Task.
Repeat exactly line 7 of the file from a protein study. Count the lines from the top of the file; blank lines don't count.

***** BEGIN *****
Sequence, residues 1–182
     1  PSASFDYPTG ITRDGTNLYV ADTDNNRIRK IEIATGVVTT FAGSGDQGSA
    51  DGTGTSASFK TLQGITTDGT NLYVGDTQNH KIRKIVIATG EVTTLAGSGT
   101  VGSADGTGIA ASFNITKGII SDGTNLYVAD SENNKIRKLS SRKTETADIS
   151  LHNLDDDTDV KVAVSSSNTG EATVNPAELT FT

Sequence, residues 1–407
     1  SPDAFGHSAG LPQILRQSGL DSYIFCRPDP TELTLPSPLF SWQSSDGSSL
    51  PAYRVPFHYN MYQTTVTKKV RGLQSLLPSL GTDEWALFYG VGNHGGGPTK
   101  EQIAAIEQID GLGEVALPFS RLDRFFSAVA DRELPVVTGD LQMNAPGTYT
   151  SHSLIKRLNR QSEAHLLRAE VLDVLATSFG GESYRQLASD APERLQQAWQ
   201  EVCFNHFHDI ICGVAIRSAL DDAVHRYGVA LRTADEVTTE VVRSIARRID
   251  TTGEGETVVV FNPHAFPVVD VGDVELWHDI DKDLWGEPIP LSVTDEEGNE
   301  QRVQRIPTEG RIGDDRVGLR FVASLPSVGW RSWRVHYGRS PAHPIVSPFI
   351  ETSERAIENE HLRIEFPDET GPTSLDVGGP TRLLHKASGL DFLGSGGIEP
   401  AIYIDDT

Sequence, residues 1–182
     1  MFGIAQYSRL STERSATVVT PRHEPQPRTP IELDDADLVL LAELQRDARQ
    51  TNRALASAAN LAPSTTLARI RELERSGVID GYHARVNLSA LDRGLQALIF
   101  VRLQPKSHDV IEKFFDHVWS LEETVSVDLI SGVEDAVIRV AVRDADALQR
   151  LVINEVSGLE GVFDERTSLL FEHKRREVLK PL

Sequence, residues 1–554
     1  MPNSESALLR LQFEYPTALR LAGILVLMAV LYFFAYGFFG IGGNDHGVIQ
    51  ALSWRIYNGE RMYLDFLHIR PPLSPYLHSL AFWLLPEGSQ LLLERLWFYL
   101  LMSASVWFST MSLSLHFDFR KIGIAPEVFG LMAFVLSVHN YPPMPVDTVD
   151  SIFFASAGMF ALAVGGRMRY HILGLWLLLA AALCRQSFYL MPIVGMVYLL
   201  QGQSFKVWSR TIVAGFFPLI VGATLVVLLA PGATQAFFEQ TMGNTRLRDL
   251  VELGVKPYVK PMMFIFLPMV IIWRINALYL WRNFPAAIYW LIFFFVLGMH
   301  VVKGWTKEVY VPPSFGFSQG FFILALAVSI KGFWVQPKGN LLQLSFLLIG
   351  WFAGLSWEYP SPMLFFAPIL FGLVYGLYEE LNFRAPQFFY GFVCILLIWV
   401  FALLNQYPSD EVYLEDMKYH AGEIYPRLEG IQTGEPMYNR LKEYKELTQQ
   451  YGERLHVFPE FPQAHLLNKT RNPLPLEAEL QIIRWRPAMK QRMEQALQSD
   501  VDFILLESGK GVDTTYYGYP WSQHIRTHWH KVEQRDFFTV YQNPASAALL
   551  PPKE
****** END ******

     1  SPDAFGHSAG LPQILRQSGL DSYIFCRPDP TELTLPSPLF SWQSSDGSSL